FRANKFURT (Reuters) - A German court on Tuesday approved an application for insolvency from wind turbine manufacturer Senvion, although the company said it was also continuing to look at new funding options and various potential investors had shown interest.
The Hamburg-based company, which has more than a billion euros of debt, said it had applied for preliminary self-administration proceedings because refinancing discussions with lenders had not yet been successful.
Shares in Senvion were down 40.5 percent at 1519 GMT, having fallen as much as 55 percent earlier in the day.
Senvion has faced delays and penalties related to big projects, while the wind industry as a whole has seen falling prices and increased competition as it moves away from governments guaranteeing generous fixed subsidized tariffs for power toward an auction-based system that favors the lowest bidders.
Market leaders Siemens Gamesa and Vestas have more pricing power, putting smaller suppliers under pressure.
Financial sources had told Reuters Senvion needed at least 100 million euros ($112 million) in the short term to keep operating.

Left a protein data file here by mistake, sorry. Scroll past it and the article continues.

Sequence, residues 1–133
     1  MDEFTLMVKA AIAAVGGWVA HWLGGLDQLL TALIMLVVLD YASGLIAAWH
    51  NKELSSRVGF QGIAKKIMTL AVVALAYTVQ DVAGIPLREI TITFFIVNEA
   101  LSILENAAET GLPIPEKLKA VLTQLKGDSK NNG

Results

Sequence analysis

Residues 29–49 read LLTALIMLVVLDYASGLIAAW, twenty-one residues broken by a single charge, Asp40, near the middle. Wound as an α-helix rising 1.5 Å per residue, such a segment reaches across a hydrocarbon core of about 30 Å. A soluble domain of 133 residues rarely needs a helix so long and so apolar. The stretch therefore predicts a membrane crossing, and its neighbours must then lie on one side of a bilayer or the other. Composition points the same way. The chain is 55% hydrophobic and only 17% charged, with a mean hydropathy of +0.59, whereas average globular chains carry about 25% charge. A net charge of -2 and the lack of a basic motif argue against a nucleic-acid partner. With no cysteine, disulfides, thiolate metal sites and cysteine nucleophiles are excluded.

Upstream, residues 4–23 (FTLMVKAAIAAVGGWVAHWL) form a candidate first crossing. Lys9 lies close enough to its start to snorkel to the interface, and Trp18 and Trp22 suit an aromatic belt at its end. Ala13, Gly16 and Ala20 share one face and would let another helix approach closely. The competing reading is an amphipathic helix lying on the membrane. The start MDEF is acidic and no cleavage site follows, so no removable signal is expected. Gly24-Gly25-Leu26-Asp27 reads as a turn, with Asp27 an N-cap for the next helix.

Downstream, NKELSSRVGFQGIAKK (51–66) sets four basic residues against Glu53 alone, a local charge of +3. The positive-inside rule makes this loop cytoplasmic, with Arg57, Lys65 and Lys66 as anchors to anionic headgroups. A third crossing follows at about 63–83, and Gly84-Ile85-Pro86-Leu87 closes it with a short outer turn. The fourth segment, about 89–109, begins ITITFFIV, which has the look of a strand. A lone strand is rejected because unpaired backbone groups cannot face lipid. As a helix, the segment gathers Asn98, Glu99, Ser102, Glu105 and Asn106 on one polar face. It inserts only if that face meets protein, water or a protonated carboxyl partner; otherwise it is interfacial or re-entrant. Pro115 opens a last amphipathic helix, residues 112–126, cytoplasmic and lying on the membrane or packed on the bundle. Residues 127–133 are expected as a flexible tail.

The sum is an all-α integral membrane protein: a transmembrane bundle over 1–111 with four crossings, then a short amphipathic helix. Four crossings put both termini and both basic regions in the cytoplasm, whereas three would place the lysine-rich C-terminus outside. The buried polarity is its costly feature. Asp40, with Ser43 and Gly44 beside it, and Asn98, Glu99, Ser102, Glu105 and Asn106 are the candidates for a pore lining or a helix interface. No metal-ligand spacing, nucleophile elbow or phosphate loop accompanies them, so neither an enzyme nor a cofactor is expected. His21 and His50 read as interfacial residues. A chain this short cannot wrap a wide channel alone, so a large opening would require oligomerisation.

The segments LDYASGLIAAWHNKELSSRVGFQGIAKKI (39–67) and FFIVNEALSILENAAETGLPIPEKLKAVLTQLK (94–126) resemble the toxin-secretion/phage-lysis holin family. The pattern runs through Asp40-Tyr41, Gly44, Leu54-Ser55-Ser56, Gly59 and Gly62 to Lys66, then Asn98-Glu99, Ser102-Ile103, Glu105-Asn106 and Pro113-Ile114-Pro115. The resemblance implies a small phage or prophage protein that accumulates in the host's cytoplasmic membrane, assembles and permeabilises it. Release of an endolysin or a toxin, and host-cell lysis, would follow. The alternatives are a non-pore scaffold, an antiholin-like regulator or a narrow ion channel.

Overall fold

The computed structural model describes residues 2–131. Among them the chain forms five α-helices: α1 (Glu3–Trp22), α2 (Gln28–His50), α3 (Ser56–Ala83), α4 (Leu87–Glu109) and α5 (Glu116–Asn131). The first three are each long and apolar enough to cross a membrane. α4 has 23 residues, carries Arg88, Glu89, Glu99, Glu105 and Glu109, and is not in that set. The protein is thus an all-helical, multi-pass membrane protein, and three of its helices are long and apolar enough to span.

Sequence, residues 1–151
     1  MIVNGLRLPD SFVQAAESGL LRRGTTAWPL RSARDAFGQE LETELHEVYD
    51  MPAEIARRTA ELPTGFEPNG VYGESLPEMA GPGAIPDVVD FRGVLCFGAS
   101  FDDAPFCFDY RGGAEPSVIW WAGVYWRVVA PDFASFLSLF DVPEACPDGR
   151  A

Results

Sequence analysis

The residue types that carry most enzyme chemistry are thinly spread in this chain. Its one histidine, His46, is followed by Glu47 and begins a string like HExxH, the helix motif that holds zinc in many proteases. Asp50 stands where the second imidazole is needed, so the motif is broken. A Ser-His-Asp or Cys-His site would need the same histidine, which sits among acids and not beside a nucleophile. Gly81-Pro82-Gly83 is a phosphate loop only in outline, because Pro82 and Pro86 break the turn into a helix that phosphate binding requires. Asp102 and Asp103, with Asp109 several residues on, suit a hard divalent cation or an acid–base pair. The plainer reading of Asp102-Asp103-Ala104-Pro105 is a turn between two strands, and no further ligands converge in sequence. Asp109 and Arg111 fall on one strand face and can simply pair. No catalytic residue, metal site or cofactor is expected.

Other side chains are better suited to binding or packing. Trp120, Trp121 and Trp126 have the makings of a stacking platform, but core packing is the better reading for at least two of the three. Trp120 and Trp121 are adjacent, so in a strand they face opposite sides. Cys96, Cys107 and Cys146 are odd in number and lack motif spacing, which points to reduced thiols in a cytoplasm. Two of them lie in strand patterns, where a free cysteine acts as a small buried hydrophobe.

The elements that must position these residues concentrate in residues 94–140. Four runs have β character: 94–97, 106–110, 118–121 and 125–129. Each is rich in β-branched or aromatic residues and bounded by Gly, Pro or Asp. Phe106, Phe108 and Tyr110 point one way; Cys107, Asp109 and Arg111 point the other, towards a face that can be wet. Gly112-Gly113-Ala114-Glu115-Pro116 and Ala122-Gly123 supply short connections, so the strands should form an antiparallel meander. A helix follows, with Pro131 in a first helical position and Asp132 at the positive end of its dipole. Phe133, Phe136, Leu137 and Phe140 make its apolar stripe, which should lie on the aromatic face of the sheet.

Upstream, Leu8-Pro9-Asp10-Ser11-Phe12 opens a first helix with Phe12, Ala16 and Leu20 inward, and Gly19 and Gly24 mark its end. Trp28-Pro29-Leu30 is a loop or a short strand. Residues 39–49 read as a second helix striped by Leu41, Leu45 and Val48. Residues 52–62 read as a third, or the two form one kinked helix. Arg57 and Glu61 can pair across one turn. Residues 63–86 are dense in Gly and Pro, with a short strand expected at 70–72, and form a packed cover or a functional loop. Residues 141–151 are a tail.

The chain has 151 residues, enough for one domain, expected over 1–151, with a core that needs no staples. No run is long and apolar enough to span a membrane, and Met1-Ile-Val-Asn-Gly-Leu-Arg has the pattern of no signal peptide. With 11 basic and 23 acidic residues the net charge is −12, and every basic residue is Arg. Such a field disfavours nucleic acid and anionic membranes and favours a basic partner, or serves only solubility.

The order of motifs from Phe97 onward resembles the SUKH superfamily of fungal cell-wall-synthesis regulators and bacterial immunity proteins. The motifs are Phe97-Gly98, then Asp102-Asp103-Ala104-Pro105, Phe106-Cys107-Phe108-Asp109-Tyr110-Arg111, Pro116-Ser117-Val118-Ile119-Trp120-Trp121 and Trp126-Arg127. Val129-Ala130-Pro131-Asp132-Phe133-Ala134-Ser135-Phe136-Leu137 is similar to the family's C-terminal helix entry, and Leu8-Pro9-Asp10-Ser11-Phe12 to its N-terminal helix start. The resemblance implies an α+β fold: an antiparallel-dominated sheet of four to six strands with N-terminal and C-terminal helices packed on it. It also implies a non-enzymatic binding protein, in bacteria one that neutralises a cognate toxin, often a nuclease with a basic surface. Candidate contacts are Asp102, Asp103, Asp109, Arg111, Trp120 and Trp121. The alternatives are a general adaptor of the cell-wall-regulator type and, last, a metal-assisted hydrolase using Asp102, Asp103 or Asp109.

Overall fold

“Lenders and major bond holders are currently continuing intensive discussions around a financing offer to secure the continuation of operations which may allow the company to successfully exit this process,” Senvion said in a statement.
Two financial sources said hedge funds Anchorage and Davidson Kempner were prepared to put up the 100 million euros in loans that CEO Yves Rannou - who took the helm in January - needs to continue restructuring and clear the backlog of orders that has recently cost the company revenues and profit.
The sources said majority shareholder Centerbridge was prepared to accept that but the banks - notably Deutsche Bank and BayernLB - would still need to agree. The banks have lent Senvion a total of 950 million euros.
BayernLB and Deutsche Bank declined to comment.
Senvion also has 400 million euros in bonds bought by hedge funds including Anchorage and Davidson Kempner.
Senvion said its management board would remain in office under the initiated procedure and business operations would carry on, with both existing service and maintenance contracts continuing.
The company said the preliminary self-administration proceedings affected Senvion GmbH and a subsidiary called Senvion Deutschland GmbH. It said Senvion S.A., Senvion Topco GmbH and Senvion Holding GmbH were expected to file for insolvency later this week.
Senvion’s website says it has around 4,000 employees globally.
Additional reporting by Hans Seidenstuecker; Writing by Michelle Martin; Editing by Tom Sims and Mark Potter